Notice how the first line runs into the second one, a technique known as enjambement that here suggests that an unquestionable statement is being made about the way men behave in peacetime. This reasonable idea from a reasonable king is about to be shattered by one small word denoting change, ‘But’, which is immediately given additional emphasis by the alliteration of ‘blast’ and ‘blows’. Henry has to prepare his men's minds for battle. After satisfying them (and the audience) that he is a peace-loving, reasonable king, he then needs to get them to reject this image, throw off any constraints on their blood lust, such as ‘modest stillness and humility’, and act more like ‘the tiger’ than ‘ a man’. In a sense he is making it ‘all right’ for them, and the literary devices help him achieve this. He draws the men close to him by calling them ‘dear friends’, and by suggesting in the repeated ‘Once more’ that the ‘dear friends’ have been through this together before and have survived. Furthermore, the first person plural associates them all (him as well as them) with ‘our English dead’.
Throughout the speech there is a repetition of ‘blood’ to denote heritage, but in a context of bloodshed – where any escape from the fighting would result in ‘dishonour’ to the soldiers’ mothers. The soldiers are invited to offer themselves as role-models to ‘men of grosser blood’. The ‘good yeomen’ are being asked to demonstrate (or repay?) the goodness that England has given to them (‘The mettle of your pasture’). All this could be seen as a group of frightened people being made to feel guilty of this fear or appreciative of the opportunity to prove their gratitude. By the end of the speech Henry confidently envisages his men as ‘greyhounds in the slips/Straining upon the start’. But he fails to acknowledge (he cannot afford to acknowledge) that greyhounds are bred for little else, whereas his ‘dear friends’ have other considerations such as the ‘wives left poor’ and the ‘children rawly left’ (IV.1.130–42) which Williams, one of the English soldiers, draws attention to later in the play.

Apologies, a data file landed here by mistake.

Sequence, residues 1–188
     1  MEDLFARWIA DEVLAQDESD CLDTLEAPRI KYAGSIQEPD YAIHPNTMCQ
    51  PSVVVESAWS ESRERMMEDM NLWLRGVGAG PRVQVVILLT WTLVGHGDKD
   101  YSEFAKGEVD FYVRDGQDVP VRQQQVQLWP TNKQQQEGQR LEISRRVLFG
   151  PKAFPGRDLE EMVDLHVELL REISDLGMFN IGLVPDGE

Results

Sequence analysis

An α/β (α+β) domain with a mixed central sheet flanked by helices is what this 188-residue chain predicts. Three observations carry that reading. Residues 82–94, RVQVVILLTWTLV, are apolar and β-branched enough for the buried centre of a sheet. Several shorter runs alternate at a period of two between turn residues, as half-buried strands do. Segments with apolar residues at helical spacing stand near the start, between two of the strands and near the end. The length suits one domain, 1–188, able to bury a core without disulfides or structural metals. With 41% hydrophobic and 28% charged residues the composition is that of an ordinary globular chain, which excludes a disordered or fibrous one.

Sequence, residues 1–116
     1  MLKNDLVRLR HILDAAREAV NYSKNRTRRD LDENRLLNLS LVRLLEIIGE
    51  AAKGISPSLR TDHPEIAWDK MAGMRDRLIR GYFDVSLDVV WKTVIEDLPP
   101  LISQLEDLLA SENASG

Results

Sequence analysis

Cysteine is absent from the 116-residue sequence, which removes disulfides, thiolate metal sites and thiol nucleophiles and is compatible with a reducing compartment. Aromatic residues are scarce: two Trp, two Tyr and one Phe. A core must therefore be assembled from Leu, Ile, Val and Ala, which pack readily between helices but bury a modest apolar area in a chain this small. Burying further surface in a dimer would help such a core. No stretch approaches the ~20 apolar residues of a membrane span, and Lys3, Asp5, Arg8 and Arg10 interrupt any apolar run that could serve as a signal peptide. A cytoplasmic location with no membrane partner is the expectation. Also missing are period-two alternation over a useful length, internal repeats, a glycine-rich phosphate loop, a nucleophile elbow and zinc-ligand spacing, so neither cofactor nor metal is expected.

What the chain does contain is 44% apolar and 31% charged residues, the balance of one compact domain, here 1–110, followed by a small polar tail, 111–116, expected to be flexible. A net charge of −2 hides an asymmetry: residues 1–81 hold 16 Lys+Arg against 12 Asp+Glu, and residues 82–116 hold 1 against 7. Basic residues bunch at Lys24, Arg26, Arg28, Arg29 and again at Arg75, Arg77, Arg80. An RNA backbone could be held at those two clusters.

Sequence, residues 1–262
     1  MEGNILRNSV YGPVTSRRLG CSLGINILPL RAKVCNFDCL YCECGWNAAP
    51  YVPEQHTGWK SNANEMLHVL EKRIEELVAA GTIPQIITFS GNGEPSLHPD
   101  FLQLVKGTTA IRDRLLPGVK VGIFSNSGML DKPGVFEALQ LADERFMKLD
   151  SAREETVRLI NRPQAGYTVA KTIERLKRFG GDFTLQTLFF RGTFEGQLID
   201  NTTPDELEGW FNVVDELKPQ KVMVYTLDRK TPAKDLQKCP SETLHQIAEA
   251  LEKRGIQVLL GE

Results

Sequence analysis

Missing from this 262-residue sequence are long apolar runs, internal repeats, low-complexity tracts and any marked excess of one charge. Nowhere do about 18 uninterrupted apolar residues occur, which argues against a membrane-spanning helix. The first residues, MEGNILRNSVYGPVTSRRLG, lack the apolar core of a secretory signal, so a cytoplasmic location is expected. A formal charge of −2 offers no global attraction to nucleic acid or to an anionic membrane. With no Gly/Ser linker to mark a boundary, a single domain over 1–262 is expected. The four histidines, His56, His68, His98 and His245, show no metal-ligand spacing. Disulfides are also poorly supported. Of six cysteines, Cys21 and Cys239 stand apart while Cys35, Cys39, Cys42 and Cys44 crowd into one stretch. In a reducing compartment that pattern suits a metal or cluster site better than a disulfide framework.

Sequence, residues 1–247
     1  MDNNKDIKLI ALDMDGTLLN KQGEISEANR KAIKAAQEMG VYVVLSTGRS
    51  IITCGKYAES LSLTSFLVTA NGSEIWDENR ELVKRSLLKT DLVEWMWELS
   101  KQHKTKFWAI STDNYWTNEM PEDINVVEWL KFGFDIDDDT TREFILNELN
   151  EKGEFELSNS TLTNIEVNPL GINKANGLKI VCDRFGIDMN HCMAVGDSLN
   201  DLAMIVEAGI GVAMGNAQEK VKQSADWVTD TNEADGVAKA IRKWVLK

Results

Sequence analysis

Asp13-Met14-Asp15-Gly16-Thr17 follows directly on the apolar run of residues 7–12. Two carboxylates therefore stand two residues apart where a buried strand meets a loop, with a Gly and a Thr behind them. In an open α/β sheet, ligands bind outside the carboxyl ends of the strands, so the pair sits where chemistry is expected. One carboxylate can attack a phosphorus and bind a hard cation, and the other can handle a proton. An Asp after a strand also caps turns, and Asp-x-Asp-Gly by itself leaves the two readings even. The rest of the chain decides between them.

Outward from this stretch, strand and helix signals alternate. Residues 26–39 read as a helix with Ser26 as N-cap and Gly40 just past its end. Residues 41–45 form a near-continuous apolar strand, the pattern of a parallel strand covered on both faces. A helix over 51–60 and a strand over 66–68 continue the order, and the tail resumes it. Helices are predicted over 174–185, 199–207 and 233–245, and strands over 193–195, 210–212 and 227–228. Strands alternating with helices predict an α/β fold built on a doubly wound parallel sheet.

The dead will be ‘English dead’, and the speech has a strong sense of Englishness.